Why: My conversation with Roxanne Strong in the fall was a powerful and moving experience that has stayed with me ever since. In our conversation, which lasted over 30 minutes, she was incredibly candid in sharing her raw, rough and often heartbreaking story about her years of struggling with addiction. Stories about drug addiction are often filled with experts citing statistics and trends and sharing strategies for dealing with the problem. Roxanne’s straightforward, unvarnished, first-person account of addiction – and what can happen on the other side of it – really cut to the heart of the issue in a profoundly personal way.
Jimmy Maas, Reporter
Favorite story he produced in 2017: Devastated By Hurricane Harvey, This Texas Town Looks To The Healing Power Of High School Football
Why: There was so much drama. This town was on the brink of life and death for a moment, and the residents managed to come back from it and use football to soothe their pain. There were so many different layers: success, failure, poverty. All of that created a mix of interesting people all interconnected with each other, because it's a small town.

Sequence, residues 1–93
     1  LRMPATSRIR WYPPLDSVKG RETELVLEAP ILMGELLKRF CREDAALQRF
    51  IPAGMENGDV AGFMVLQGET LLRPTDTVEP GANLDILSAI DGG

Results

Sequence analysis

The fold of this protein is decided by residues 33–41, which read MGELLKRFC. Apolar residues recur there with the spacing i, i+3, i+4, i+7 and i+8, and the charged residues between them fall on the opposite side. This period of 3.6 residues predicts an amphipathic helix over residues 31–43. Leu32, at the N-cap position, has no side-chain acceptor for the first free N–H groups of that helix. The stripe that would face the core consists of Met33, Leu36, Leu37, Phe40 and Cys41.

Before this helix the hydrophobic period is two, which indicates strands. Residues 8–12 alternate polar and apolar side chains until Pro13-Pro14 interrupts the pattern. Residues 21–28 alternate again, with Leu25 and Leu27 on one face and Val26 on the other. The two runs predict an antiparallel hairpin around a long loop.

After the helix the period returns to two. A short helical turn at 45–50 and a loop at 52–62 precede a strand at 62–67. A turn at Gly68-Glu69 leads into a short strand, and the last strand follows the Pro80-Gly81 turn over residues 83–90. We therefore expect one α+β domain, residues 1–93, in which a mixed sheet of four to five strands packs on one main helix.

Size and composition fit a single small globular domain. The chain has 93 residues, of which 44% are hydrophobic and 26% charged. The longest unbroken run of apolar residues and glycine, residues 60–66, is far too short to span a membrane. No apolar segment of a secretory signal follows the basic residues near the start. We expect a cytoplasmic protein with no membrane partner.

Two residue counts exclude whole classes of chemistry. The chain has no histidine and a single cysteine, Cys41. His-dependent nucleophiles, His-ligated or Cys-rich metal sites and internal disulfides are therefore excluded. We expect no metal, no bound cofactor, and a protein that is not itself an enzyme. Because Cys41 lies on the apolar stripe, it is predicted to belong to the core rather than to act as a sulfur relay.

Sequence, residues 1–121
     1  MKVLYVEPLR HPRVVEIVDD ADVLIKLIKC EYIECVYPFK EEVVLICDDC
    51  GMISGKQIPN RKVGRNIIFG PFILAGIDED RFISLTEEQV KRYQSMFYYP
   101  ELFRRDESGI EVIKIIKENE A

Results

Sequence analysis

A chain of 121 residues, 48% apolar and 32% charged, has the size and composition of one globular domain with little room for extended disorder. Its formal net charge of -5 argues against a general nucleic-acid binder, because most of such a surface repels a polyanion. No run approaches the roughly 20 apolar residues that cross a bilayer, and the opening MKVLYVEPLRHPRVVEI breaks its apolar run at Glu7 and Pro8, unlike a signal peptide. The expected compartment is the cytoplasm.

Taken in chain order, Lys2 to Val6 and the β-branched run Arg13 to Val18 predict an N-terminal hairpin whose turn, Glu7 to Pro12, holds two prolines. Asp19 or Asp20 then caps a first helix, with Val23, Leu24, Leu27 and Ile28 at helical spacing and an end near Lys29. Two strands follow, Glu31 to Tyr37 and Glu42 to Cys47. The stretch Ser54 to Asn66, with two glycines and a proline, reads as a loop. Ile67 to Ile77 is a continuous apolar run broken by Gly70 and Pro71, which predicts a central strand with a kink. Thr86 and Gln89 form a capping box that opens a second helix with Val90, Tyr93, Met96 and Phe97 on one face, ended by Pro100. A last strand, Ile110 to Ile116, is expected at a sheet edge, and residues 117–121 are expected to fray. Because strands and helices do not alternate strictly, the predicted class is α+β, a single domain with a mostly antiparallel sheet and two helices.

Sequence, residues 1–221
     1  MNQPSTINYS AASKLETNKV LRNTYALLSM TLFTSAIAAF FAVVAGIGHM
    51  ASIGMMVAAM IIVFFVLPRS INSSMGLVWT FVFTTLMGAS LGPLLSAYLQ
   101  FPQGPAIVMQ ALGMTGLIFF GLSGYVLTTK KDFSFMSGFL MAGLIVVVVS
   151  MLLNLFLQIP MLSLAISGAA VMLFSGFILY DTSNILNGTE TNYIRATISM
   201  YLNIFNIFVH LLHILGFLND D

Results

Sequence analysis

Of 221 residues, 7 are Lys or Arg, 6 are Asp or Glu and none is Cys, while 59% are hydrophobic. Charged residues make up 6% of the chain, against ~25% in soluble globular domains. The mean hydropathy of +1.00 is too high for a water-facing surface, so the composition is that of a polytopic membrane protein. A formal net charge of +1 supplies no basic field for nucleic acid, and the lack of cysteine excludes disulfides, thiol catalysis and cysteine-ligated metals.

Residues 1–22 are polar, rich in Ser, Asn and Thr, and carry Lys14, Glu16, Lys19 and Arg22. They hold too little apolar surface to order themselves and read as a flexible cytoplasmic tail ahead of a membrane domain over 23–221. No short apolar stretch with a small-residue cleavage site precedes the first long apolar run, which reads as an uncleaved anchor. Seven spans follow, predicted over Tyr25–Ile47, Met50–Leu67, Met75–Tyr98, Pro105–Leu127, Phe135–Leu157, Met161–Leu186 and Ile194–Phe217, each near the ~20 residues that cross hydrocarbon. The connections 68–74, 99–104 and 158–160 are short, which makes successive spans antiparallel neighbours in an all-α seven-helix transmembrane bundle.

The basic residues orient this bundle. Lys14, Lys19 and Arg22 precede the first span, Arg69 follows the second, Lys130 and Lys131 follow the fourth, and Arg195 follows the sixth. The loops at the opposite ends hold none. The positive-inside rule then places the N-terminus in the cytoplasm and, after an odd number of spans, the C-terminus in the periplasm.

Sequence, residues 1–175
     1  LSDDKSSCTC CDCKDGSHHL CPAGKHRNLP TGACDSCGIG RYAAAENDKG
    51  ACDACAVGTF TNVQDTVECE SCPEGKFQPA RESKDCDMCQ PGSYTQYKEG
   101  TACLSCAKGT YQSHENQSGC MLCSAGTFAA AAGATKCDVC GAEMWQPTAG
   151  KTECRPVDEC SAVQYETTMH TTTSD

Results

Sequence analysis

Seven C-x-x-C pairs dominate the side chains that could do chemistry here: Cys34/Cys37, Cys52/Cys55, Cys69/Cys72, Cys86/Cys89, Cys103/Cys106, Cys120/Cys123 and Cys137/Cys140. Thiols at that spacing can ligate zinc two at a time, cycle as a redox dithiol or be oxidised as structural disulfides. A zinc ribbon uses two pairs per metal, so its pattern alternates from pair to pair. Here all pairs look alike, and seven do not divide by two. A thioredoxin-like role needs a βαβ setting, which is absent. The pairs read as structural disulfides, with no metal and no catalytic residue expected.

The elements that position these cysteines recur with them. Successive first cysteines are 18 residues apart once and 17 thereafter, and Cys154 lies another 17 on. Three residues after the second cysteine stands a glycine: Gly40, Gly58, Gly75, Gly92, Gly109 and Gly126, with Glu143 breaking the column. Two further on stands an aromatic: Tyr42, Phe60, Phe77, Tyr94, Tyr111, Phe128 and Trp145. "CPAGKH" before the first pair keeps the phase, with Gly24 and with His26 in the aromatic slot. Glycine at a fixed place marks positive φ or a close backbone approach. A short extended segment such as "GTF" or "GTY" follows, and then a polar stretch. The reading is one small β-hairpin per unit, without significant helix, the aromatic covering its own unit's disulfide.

Ashley Lopez, Health Care And Politics Reporter
Favorite story she produced in 2017: Silenced DJ Set Speaks Volumes About Austin’s Relationship With Latinos
Why: I really liked working on this story for two reasons. One, I got to use a lot of music in the story, which is fun for me. Two, it was a good example of something we don’t talk about a lot here in Austin. Austin prides itself on being a pretty liberal/progressive place, but I think there is some work to do when it comes to cultural and racial issues. In short, micro-aggressions like the one these women experienced, are all too common here. It’s a tough conversation, but I think stories like this are a helpful way of at least starting that conversation.
Andrew Weber, Reporter
Favorite story he produced in 2017: How Austin Learned To Stop Worrying And Forget About The Bomb
Why: In reporting this story, three things fascinated me. One, an abandoned fallout shelter is lying (hopefully) vacant near Barton Springs. Two, nobody in Austin really cared about the threat of a nuclear war after the initial wave of existential dread following the Cuban Missile Crisis. Three, there are untold numbers of fallout shelters more or less exactly like the one at Zilker Park across the city – and nobody can say exactly where they are. So, ostensibly, somewhere out there are dozens of abandoned fallout shelters that haven’t been discovered yet.
Claire McInerny, Education Reporter
Favorite story she produced in 2017: Huston-Tillotson Welcomes New Classmates: 15 Steinway Pianos